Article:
It occurred to me that a compact super zoom would’ve of been an ideal camera. Something small that wouldn’t raise the suspicions of guards on the lookout for wannabe pro photographers. Ironically, with all my different cameras, I don’t own a single super zoom. Nope, I’m not in the market for one either. After shooting for months with a fixed lens 35mm equivalent Fujifilm X100S, the 28mm to 84mm equivalent Olympus setup felt more than enough from my needs.
I went to 6th Street again this year for Halloween. Since it coincided with Formula 1 weekend, it was crazier than usual, which is really saying something. Not only did we have a larger than normal amount of wacky Austinites, we had an international crowd witnessing the spectacle.
No breakthroughs in photographic creativity for me this year. Since I like the “shot on the street” but “studio like feel” I created last year, I applied the same technique. If you want to give this a try, you can read about how I did this here.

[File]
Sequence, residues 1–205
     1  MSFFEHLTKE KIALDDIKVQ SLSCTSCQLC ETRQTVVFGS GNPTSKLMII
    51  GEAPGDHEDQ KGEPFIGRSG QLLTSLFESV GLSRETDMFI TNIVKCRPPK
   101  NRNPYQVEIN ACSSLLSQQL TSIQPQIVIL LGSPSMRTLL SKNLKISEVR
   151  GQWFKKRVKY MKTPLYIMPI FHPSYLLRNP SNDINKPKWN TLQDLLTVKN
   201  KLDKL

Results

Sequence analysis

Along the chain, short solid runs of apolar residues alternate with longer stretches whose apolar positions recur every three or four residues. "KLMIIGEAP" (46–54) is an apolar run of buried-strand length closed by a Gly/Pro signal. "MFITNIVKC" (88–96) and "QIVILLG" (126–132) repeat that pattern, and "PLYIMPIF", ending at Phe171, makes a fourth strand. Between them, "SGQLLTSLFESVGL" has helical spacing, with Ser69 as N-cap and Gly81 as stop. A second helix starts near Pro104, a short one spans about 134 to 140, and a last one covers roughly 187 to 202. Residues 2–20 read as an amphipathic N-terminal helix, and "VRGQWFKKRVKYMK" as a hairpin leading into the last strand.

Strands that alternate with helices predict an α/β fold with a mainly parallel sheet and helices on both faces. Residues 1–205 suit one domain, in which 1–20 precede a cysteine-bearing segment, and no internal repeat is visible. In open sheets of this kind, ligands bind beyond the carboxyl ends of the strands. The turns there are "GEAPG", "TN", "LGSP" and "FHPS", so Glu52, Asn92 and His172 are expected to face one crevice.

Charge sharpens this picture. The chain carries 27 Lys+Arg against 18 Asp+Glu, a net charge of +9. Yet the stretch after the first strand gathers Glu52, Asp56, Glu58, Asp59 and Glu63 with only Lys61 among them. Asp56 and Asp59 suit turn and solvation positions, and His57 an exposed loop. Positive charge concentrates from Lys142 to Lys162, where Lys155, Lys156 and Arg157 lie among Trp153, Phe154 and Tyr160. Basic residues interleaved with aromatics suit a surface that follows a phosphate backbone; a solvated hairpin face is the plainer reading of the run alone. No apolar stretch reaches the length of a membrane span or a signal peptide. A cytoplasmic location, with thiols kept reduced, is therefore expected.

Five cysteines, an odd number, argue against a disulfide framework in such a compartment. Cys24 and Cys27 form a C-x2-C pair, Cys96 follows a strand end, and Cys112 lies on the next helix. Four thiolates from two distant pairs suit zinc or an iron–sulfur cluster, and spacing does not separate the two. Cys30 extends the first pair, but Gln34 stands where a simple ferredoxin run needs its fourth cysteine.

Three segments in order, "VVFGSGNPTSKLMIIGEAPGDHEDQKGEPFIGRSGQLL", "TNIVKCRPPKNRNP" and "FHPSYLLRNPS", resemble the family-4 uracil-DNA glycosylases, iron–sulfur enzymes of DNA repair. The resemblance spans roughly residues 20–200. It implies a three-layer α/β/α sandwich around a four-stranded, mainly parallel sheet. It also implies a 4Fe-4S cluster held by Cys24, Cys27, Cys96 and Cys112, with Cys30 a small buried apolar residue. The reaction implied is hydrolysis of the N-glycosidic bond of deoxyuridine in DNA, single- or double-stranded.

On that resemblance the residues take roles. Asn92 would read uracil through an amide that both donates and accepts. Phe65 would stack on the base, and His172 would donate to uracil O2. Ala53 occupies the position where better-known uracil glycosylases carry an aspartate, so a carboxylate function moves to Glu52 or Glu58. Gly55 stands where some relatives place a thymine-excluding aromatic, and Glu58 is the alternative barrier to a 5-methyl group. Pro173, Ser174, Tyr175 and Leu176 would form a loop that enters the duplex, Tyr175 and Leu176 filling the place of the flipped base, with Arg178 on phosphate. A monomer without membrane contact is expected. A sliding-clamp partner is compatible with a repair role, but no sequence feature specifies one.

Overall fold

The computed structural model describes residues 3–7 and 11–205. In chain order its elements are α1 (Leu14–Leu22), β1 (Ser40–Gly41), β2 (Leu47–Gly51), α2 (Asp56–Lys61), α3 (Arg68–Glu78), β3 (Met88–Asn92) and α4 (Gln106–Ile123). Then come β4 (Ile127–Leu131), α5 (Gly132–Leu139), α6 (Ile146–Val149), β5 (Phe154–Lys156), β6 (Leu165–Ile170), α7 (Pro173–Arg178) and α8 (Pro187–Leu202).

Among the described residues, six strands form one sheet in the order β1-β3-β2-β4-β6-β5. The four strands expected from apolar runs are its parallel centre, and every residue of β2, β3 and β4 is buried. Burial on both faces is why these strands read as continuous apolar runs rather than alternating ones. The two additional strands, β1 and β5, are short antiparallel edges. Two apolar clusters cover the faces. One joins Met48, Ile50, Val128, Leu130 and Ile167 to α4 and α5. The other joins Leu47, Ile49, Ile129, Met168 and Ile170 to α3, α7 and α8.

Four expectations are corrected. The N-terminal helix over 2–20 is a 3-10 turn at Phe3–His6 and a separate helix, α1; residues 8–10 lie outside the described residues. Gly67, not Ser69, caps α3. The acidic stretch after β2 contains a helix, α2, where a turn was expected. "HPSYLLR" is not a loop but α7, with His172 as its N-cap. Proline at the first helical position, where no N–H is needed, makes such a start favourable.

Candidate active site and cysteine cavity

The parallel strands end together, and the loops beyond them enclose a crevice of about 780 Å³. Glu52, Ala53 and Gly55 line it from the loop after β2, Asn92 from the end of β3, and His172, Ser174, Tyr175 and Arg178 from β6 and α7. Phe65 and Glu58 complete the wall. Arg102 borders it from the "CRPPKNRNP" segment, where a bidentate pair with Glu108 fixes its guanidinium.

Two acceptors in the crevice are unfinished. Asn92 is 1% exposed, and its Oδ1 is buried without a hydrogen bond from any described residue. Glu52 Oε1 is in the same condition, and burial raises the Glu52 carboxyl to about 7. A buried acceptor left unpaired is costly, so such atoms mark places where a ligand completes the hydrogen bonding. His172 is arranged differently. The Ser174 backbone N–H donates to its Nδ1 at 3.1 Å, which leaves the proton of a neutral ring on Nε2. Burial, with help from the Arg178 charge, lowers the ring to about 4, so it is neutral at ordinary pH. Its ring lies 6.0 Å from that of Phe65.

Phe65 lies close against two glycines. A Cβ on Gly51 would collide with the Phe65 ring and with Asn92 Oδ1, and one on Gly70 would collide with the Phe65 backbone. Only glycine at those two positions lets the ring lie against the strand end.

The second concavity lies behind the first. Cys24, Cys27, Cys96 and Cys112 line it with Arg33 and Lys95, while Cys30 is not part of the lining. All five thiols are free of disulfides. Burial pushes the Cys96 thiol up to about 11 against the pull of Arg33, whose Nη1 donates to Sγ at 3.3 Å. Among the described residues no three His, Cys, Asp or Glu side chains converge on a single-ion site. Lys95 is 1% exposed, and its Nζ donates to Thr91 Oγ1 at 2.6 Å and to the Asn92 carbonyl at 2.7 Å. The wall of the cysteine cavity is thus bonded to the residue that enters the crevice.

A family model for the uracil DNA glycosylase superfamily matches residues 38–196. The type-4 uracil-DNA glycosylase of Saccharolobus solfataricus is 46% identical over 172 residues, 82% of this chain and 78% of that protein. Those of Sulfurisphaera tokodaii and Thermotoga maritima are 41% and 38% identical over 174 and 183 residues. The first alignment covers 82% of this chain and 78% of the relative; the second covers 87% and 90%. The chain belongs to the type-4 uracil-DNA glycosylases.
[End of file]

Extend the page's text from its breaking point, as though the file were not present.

Of course, it’s unpredictable who will show up. It’s kind of exciting and disappointing at the same time. I like the costumes I captured last year better but I think my technique has improved somewhat. I basically preset everything manually including the focus, exposure and flash power which makes it very quick. The only frustration? The camera settings occasionally get knocked as I jostle through the crowds. If I do this again, I might use gaffer’s tape to keep the focus and exposures locked in.
So here is the 2014 edition of Halloween Portraits on 6th Street. You can click on the image to see a larger version and hover over with a mouse to see the photo details.
I wasn’t going to the hot air balloon launch last Saturday. I had no desire to wake up at 5 in the morning. But it was 4:30am when I finished processing and writing about the Leica M camera that I shot on 6th Street the night before. What the heck. I took a quick shower and headed towards Mansfield Dam for the 24th Annual Lake Travis Hot Air Balloon Flight.